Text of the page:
It is an awful thing to say but the car crash, resulting in Eddy being bedridden for months, proved to be a glorious release from cheerless drudgery.
I returned to England alone, leaving him in Pau encased in plaster but well looked after by Elise, his mother’s housekeeper, my mother having cleverly convinced everybody that it would be more sensible for her to stay in Pangbourne to arrange for his eventual homecoming.
On my arrival she embraced me like never before not only thankful that I had survived the accident but grateful that, for a while she would be released from the tedium of wifely duties...
'We must make the most of our freedom while it lasts,' she said, 'for when Eddy returns our lives will become a nightmare.'
Pierre immediately moved into her bedroom and Weir Pool was declared an open house to all and sundry. When mother and lover did not go out together, they threw dinner parties for Pierre’s film studio friends, talented artistic people who opened my eyes to how rewardingly exciting a creative life could be. I now could have as many people for sleep-overs as I wanted, so invited musician friends to come and play the piano, saxophone, clarinet, double bass, or whatever instrument that came to hand while I beat the drums as everyone else danced the night away. We turned the place into a night club.
I became infatuated with Irina, a young ballet dancer from The Red Shoes, who renamed Weir Pool ‘The Enchanted Madhouse’ and taught me the pas-de-deux, then with Holly, a stills photographer from Pinewood Studios for whom I trod water ( sort of solo synchronized swimming ) across the Thames wearing a bowler hat and carrying a tray of drinks unaware that she would sell the picture to the Daily Mirror who devoted a page to the idiotic feat. Within days the photo was syndicated worldwide and a BBC TV unit filmed me doing the act again for a children’s programme.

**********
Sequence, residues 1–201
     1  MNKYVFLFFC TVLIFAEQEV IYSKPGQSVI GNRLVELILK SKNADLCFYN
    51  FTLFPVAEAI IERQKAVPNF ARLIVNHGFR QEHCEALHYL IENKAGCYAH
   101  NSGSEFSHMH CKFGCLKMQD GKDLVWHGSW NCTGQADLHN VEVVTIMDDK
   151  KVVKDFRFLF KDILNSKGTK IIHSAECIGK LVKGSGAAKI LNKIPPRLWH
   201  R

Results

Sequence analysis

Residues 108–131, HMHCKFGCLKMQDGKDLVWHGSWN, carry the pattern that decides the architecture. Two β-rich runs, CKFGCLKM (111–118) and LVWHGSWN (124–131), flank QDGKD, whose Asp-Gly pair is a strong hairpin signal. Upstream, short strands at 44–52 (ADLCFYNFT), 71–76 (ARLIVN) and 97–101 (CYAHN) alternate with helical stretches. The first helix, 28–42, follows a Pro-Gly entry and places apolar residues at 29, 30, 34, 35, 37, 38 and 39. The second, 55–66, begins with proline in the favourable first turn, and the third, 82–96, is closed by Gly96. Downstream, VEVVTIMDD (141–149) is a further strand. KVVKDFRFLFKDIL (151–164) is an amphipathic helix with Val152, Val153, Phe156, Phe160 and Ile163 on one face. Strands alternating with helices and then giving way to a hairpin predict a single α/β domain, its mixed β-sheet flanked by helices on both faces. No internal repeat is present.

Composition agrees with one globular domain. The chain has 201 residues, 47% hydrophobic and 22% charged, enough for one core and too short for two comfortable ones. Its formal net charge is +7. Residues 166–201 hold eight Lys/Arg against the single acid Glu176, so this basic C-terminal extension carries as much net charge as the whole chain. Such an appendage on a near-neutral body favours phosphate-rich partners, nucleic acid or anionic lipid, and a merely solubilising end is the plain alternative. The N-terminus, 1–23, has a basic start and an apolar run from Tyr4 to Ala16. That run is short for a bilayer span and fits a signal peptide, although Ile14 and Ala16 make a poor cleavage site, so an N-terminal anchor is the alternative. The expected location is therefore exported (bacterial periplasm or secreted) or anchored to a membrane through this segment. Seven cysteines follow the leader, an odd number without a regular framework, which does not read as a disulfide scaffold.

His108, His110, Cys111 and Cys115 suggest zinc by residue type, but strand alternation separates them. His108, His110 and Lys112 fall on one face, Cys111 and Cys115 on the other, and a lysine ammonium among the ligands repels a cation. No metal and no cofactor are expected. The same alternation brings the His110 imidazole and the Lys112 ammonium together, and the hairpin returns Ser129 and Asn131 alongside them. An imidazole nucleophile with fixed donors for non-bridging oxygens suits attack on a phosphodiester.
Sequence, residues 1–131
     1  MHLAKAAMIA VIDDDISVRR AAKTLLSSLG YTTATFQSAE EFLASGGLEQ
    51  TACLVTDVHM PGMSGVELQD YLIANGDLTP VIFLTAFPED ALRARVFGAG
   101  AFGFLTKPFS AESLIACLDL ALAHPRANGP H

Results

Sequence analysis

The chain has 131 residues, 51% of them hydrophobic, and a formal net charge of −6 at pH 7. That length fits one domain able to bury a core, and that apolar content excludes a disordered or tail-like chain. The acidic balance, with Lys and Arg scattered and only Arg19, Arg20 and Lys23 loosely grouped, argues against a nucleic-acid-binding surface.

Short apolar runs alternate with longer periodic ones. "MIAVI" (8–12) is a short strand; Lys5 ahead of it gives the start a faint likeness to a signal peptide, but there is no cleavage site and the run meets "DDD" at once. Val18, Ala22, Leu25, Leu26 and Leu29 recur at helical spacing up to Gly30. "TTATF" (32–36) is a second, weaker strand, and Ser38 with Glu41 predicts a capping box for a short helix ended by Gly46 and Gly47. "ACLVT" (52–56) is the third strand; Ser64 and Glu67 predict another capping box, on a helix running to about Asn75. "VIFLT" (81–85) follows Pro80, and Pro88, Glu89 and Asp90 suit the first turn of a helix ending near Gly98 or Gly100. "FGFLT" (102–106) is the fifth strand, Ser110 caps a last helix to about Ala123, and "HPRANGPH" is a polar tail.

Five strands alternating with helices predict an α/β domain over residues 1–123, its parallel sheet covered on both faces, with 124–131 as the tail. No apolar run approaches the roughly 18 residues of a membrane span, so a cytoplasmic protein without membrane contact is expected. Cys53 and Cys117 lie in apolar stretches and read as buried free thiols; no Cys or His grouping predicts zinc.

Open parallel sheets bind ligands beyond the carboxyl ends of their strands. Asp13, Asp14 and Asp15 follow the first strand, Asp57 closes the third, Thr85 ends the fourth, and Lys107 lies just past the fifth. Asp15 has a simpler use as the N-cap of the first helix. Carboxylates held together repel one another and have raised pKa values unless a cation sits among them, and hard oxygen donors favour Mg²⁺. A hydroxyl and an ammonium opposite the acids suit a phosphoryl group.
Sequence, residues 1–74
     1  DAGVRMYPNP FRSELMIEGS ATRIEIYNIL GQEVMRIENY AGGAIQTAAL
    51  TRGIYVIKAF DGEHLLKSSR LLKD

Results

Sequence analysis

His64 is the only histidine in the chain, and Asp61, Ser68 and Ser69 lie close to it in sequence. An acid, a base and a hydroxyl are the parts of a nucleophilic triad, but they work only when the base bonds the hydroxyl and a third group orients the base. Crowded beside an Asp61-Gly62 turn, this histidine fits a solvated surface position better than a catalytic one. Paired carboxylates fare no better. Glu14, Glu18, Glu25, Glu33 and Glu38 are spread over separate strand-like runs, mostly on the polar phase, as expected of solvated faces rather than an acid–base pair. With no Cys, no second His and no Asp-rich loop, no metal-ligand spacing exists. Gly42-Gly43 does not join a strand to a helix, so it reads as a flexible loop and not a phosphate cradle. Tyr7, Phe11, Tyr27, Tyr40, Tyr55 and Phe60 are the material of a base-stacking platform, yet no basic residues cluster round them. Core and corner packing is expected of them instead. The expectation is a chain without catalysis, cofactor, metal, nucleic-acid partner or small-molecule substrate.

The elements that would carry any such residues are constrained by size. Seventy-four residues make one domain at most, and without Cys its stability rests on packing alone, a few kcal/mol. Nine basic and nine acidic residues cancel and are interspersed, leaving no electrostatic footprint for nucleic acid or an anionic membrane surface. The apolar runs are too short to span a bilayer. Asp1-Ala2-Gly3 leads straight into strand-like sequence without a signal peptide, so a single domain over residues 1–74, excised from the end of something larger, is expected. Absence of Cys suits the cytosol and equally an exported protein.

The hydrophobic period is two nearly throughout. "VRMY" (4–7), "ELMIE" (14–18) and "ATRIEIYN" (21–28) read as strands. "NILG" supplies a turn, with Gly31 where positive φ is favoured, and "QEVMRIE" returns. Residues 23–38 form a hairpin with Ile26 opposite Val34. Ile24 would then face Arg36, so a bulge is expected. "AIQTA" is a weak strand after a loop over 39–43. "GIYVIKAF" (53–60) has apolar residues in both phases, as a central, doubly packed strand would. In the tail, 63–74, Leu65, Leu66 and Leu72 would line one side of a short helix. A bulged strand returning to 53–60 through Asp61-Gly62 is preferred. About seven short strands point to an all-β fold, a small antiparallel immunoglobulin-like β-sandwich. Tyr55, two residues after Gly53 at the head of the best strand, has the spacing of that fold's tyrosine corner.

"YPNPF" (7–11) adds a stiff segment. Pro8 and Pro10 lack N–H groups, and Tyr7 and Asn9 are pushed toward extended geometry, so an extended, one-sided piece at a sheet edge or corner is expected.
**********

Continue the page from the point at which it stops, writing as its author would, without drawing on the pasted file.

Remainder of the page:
Thankfully these antics never reached the eyes or ears of the patient in Pau, and despite all the excitement, I was quite sensible and dutifully went to work at the factory every day, proving myself indispensable to the directors who were in charge as they did not speak enough French to communicate with most of our suppliers. Eddy had given me a notebook with instructions on how to deal with the multitude of business matters (from checking that the storeman did his stock taking regularly on Fridays to negotiating the best prices for fresh truffles) so I commandeered his office and his secretary, a dear old soul who never for a moment doubted my ability to make the right decisions, and found, to my surprise that most of the correspondence and mountain of paper work that he constantly laboured over was quite unnecessary. A telegram or brief phone call would more often than not suffice to deal with any problem and, instead of spending hours behind his desk, I did everything that was necessary before lunchtime enabling me to go to theatre matinees in the afternoon or peacefully read in the park.
I read a great deal during this period and saw every important play I could, all of which stimulated me to write, but I had little idea where to start, so I took a correspondence course on the science of fiction writing and learned one very simple rule for composing a story - face a character with a conflict, on overcoming the conflict the character causes another, on trying to overcome both he causes a third....and so on until the problems can be resolved.
I borrowed an Underwood typewriter from the accounts department and, from then on, did not go out in the afternoons, but wrote short stories, stage plays, radio plays and television plays, sent them off to their appropriate destinations, collected rejections by return until one day I got something accepted...